Driving on Solar Power

Envision Solar, which makes solar-powered commercial parking structures, said Monday it is making a solar-powered charging station for electric cars and plug-in hybrids for the U.S. National Renewable Energy Laboratory.

The tree-inspired solar canopy will cover two spaces and produce about 10 kilowatt-hours of electricity a day, said Nicole Zeller, project manager at Envision. "This is a great combination to showcase what you can do, that you can integrate these things - shade, solar energy and charging stations - into one product," she said.

The NREL project will cost the government no more than $46,000, according to project requirements. San Diego-based Envision says its normal prices for carports range between $8 and $10 per (direct-current) watt.

While other solar-powered charging stations exist, NREL picked Envision's for its looks, Zeller said. The charging station will be Envision's first, but the company designed its initial carport system - which sends power back to the grid to offset customers' electricity bills - with the idea of adding charging stations later, she said.

Envision, founded in 2006, said it has raised about $1.1 million in angel funding so far and isn't actively seeking more investment right now.

Wal-Mart to Monitor Suppliers' Energy Use

Wal-Mart Stores said Monday it will encourage suppliers to monitor and reduce their greenhouse-gas emissions as it attempts to measure the total energy used throughout its supply chain.

The retail giant is partnering with the Carbon Disclosure Project, a not-for-profit group that collects information about corporate emissions. The move is part of the company's Sustainability 360 initiative, announced in February, to try to remove nonrenewable energy from the products it sells (see Wal-Mart Goes Green).

Wal-Mart will start by researching the energy used to make a pilot group of products, including DVDs, toothpaste, soap, milk, beer, vacuum cleaners and soda.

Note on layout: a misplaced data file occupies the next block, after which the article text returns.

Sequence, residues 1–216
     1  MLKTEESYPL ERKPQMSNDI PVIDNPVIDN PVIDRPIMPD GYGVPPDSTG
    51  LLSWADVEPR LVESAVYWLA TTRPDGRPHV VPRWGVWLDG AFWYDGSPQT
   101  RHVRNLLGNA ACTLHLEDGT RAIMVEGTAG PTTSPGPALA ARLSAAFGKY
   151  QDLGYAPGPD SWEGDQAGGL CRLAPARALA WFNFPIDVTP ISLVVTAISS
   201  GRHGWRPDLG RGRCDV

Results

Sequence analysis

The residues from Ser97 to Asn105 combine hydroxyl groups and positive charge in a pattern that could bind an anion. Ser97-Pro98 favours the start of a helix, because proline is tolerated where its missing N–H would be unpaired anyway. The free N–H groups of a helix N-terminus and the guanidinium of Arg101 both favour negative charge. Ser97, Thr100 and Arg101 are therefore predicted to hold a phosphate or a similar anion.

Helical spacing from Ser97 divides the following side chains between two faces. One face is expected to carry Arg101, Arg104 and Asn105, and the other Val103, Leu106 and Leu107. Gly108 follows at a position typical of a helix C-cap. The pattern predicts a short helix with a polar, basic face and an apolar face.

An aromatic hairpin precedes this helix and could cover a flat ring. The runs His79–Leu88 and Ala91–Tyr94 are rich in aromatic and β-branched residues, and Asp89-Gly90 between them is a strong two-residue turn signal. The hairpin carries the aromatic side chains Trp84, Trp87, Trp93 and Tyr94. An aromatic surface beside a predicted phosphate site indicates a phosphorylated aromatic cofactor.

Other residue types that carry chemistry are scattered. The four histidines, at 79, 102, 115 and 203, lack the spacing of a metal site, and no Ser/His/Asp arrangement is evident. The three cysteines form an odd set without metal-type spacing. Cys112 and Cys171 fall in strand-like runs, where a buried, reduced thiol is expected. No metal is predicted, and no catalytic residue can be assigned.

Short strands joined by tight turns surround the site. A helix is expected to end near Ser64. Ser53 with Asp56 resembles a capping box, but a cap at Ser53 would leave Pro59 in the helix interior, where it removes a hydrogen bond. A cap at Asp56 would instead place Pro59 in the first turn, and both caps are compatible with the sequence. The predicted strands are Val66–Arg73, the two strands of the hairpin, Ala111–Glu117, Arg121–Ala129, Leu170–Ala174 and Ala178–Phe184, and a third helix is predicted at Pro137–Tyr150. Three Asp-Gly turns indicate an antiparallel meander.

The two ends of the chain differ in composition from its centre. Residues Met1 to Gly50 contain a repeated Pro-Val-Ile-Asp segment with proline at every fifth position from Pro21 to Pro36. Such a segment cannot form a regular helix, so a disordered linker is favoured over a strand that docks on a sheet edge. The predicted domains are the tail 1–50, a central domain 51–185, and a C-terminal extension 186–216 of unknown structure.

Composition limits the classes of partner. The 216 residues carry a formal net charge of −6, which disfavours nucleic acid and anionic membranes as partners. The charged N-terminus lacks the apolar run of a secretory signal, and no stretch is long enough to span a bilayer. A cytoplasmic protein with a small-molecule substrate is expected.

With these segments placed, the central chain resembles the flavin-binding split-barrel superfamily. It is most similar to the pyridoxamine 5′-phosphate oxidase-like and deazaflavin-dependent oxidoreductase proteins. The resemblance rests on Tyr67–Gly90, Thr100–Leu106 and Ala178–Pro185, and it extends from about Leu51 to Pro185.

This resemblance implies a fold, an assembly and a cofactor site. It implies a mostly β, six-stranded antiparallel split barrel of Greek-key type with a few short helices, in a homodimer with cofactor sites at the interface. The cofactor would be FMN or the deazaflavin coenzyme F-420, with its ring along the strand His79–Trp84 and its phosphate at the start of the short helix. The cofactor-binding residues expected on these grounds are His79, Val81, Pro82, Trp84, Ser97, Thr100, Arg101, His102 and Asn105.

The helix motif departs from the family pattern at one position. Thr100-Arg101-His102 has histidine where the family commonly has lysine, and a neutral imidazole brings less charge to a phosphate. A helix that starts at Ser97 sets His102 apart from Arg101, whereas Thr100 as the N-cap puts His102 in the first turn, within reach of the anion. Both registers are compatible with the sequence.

Portugal Gets First Solar Robots

Spire Corp. (Nasdaq: SPIR) on Monday said it has sold a 50-megawatt solar-panel manufacturing line to Martifer Solar in Portugal. The line, which uses robotic systems, will be Portugal's first automated solar line, signifying that the country's solar production has grown large enough to take advantage of automation. The line is designed so it can easily be expanded by another 50 megawatts, Spire said.

Akeena Solar Gets CFO From Knight Ridder

Akeena Solar, a solar-power installer, announced Monday it is hiring Gary Effren as its chief financial officer. Effren previously held the position at Knight Ridder, a media company that was bought by a smaller competitor, the McClatchy Co., last year after shareholders forced it to sell. The solar company didn't say why it chose to hire from the newspaper company, which was profitable but could not raise its share price enough to quell the shareholders' rebellion.

Nanosolar Gets More Government Money

Thin-film startup Nanosolar on Monday said it has won a $9.5-million contract to provide "solar-power product and system innovations" for the U.S. Department of Energy. The contract, part of the Solar America Initiative, brings Nanosolar's total DOE funding to approximately $20 million. The money isn't secure unless it get Congressional approval. If it does, Nanosolar will be the largest funding recipient from the Solar America Initiative so far, according to CEO Martin Roscheisen.

MDV Raises $580M

Mohr Davidow Ventures has raised $580 million for its ninth fund, according to PE Week Wire. The Menlo Park, Calif., venture-capital firm has invested in solar-concentration startup Energy Innovations, biofuel startup Catilin, fuel-cell startup Jadoo Power and thin-film solar startup Nanosolar (see above), among others. The company also invests in health care, Internet services and other areas. It is unclear how much of the fund, if any, will go toward green-technology investments. The company didn't immediately return calls.